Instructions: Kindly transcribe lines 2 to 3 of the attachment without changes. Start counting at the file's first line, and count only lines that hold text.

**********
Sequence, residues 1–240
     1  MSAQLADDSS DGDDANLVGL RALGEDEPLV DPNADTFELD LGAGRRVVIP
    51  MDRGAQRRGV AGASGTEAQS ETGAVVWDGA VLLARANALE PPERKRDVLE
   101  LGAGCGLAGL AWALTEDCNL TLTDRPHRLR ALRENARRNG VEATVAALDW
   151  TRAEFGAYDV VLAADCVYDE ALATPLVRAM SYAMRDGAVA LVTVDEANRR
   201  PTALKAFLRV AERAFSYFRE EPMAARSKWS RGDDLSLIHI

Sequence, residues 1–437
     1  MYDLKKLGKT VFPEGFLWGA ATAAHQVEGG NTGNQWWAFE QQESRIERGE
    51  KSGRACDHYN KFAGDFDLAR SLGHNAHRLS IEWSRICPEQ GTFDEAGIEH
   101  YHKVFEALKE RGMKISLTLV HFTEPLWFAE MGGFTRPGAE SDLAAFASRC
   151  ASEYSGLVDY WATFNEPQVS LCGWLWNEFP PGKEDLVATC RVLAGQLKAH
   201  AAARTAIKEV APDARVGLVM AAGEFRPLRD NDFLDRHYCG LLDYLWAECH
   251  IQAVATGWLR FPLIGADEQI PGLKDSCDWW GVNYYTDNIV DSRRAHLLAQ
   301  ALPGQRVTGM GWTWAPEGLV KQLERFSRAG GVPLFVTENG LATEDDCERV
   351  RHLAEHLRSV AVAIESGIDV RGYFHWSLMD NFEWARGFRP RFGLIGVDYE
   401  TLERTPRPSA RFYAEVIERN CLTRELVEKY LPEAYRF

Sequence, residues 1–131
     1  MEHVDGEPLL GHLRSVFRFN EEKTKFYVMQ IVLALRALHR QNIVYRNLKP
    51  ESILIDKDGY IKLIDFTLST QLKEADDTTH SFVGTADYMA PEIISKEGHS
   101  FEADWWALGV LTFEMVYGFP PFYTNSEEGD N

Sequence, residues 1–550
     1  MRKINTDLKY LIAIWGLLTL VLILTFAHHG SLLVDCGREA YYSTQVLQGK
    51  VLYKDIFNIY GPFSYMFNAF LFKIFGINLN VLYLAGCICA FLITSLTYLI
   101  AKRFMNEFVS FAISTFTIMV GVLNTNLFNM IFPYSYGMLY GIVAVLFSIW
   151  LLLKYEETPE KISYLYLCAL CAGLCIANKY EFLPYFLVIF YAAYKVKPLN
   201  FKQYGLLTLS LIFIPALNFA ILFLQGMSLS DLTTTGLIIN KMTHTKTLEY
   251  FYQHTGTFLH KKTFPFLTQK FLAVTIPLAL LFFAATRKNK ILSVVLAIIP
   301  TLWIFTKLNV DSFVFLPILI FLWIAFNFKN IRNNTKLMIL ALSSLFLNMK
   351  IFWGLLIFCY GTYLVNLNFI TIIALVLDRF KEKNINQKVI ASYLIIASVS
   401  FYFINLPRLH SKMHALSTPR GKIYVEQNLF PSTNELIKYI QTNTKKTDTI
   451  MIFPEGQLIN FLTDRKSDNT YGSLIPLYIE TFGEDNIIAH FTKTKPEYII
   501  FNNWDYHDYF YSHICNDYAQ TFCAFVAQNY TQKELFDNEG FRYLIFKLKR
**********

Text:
     1  MSAQLADDSS DGDDANLVGL RALGEDEPLV DPNADTFELD LGAGRRVVIP
    51  MDRGAQRRGV AGASGTEAQS ETGAVVWDGA VLLARANALE PPERKRDVLE